Early Settlement through Fines

The early settlement feature of the OAL is clearly the exception in the districts studied. The norm is for the parties to settle at the courthouse steps, after they have completed discovery. Senior Chief Judge Hubert I. Teitelbaum in the Western District of Pennsylva-

1S4. See Jones, An Empirical Examination of the Resolution of Shareholder De­rivative and Class Action Lawsuits, 60 B.U.L. Rev. 542, 544-47 (1980). See also Note, The Rule 23MS) Class Action: An Empirical Study, 62 Geo. L.J. 1123 (1974); Note, Abuse in Plaintiff Class Action Settlements: The Need for a Guardian During Pre-trial Settlement Negotiations, 84 Mich. L. Rev. 308, 308-09 n.6 (1985); In re School Asbestos Litig., 789 F.2d 996, 1009 (3d Cir. 1986) (“[T]he realities of litigation should not be overlooked in theoretical musings. Most tort cases settle, and the preliminary maneuverings in litigation today are designed as much, if not more, for settlement purposes than for trial. Settlements of class actions often result in savings for all concerned.”).

Chapter VI

nia and District Judge Joseph H. Young in the District of Mary­land impose sanctions for late settlement of cases, including asbes­tos litigation.165 Reports from both jurisdictions indicate that these practices are effective in fostering marginally earlier settlements in asbestos litigation than is the norm for those two courts.

In the District of Maryland, Judge Young’s order imposes a fine of $1,000 per day for any asbestos case settlements announced later than approximately ten days before the scheduled trial date.166 If any of the asbestos cases in the cluster scheduled for trial settle at any time, the fine is imposed on the party found responsible for the delayed settlement.167 Judge Young has not imposed any fines and all of his cases have settled within the guidelines. Attorneys com­plain about the order and question its legality, morality, constitu­tionality, and fundamental fairness, but, sometimes in the same sentence, they confess that it works. A similar report was received fromWestern Pennsylvania regarding Judge Teitelbaum’s imposi­tion of jury costs on the parties for delayed settlements. A reason for its success is that lawyers want to avoid the embarrassment of having sanctions imposed on them.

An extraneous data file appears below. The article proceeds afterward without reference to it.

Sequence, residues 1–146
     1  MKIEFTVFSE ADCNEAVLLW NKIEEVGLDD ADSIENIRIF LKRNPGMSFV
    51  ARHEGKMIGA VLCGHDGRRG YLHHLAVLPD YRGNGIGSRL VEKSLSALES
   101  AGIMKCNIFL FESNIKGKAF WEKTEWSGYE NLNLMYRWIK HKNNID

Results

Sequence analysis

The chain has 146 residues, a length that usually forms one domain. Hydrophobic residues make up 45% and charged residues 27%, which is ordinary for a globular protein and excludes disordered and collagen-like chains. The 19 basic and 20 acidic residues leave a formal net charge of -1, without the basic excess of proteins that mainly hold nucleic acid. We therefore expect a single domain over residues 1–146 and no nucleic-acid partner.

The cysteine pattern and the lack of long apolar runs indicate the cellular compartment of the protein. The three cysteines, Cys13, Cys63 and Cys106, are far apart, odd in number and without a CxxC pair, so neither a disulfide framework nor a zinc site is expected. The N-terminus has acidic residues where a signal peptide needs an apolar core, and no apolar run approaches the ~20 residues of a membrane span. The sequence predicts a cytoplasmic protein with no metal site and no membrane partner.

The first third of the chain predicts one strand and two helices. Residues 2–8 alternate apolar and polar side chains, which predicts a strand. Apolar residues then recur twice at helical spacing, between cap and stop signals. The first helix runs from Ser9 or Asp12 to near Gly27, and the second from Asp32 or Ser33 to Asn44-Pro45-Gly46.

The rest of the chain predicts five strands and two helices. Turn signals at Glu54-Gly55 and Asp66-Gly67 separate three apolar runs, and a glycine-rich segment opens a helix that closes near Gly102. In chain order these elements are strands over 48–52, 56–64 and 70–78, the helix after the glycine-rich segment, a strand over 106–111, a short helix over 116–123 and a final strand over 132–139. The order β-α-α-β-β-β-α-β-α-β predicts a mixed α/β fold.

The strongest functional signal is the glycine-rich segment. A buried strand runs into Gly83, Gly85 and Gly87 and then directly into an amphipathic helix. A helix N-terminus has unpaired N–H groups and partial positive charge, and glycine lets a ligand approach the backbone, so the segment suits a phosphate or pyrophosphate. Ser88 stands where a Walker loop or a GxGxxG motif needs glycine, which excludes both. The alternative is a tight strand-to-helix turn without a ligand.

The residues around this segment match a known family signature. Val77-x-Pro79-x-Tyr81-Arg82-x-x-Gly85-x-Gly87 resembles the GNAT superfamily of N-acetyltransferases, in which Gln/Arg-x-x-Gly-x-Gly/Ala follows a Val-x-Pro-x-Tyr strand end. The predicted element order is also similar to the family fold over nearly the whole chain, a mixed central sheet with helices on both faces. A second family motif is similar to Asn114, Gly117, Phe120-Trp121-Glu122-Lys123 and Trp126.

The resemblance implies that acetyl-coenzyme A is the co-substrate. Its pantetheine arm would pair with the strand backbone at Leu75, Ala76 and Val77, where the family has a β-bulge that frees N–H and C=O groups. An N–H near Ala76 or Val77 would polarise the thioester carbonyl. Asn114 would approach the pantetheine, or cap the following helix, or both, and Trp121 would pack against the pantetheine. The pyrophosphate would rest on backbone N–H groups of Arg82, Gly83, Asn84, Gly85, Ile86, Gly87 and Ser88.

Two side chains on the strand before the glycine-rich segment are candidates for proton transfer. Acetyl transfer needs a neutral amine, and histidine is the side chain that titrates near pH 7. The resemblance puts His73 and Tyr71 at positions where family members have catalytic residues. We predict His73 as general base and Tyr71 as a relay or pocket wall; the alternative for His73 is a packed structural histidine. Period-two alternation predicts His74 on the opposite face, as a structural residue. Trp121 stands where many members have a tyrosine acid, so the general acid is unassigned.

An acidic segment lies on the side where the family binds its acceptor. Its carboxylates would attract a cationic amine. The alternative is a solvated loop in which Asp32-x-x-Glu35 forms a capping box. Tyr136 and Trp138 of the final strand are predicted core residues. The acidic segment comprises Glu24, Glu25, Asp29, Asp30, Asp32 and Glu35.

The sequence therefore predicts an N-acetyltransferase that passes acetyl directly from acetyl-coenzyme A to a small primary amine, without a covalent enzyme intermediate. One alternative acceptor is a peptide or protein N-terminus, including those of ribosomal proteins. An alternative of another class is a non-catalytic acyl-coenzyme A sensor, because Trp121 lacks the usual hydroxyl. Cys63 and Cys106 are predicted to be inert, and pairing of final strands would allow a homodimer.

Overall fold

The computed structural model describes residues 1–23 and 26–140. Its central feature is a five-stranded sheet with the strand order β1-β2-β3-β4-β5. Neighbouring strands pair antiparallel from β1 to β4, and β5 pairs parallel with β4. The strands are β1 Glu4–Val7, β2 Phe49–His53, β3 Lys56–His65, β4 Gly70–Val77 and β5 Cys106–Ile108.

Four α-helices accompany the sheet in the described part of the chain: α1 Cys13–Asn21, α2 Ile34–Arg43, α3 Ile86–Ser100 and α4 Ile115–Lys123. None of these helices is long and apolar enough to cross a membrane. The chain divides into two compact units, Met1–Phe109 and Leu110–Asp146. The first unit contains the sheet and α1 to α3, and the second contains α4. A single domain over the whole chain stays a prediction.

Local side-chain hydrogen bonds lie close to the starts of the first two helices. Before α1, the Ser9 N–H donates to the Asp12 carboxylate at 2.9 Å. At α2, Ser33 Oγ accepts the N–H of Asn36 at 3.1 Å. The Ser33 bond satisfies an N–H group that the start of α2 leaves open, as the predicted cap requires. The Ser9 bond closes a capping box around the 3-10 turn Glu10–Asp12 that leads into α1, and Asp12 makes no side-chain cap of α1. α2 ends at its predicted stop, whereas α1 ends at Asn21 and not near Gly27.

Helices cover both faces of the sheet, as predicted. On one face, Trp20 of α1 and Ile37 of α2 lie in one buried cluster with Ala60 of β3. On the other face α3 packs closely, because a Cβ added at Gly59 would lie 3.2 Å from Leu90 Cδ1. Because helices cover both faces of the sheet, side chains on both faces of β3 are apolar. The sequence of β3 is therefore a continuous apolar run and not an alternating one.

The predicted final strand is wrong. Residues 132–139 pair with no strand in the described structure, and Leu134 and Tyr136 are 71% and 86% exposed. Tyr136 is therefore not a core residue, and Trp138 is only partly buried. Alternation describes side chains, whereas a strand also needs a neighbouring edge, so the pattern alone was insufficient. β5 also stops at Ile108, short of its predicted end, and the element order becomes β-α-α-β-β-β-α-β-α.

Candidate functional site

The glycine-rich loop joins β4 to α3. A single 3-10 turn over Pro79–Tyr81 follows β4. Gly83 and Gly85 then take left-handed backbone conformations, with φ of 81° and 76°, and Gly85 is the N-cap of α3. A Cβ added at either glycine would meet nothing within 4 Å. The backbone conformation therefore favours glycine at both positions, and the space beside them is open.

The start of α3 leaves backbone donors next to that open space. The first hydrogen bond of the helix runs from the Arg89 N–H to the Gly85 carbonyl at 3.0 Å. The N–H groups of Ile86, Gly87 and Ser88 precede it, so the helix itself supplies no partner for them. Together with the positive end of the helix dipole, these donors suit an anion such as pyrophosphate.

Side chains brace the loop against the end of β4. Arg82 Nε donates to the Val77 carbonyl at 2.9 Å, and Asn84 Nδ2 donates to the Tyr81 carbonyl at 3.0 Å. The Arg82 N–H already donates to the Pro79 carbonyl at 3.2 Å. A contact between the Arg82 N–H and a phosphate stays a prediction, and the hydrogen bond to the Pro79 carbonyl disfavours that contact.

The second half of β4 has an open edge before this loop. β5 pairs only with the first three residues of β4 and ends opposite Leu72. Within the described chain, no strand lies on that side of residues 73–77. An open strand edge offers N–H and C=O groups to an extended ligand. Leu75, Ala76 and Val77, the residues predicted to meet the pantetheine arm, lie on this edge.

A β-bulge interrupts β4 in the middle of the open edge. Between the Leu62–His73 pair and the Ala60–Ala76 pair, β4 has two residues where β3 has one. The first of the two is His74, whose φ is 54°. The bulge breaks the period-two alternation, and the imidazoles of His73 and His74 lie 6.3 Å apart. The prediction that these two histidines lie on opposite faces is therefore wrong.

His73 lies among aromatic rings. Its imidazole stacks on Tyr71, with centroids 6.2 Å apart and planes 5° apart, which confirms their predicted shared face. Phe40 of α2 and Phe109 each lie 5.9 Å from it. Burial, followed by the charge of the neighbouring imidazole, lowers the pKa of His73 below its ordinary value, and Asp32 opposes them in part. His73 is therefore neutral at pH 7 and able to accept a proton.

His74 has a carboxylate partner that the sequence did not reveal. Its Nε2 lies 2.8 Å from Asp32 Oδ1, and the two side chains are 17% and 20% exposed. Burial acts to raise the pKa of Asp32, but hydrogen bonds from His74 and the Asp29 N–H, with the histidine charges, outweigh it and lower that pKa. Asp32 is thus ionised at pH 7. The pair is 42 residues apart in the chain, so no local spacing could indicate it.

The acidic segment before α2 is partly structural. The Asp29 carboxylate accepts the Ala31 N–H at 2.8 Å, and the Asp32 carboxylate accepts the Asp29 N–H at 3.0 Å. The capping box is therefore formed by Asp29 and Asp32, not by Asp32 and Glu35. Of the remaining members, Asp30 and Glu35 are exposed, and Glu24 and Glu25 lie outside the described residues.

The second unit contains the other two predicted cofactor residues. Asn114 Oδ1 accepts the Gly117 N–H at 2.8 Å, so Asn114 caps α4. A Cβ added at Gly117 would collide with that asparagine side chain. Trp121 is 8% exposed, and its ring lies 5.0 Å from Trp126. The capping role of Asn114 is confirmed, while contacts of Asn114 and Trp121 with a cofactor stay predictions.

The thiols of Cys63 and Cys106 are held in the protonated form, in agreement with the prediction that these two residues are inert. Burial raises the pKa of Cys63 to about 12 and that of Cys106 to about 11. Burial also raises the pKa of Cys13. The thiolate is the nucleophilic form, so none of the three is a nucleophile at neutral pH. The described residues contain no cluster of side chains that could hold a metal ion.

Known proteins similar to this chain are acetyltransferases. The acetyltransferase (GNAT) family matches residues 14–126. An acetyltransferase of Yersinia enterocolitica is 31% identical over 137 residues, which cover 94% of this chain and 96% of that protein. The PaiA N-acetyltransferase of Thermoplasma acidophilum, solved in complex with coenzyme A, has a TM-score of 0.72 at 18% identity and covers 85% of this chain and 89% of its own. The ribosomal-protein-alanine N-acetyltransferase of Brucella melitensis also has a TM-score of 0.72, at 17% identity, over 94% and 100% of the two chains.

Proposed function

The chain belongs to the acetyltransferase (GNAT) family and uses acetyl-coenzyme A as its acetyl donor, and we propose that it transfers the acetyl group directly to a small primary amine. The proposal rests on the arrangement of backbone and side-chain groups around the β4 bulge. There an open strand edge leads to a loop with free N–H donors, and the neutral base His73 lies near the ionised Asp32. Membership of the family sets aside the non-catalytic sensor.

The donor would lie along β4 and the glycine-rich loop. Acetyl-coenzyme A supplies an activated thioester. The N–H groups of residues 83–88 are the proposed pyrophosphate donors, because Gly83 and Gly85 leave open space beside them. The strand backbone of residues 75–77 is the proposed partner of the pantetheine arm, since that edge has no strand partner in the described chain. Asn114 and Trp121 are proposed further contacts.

Imposing fines for late settlement, of course, is not comparable to an OAL program that drastically alters the time of settlement and avoids much pretrial discovery. These orders may have marginal impact on the parties’ transaction costs. Looking at judicial econo­mies, the orders require little judicial effort to implement, are largely self-enforcing, and allow a court to plan its trial schedule more efficiently.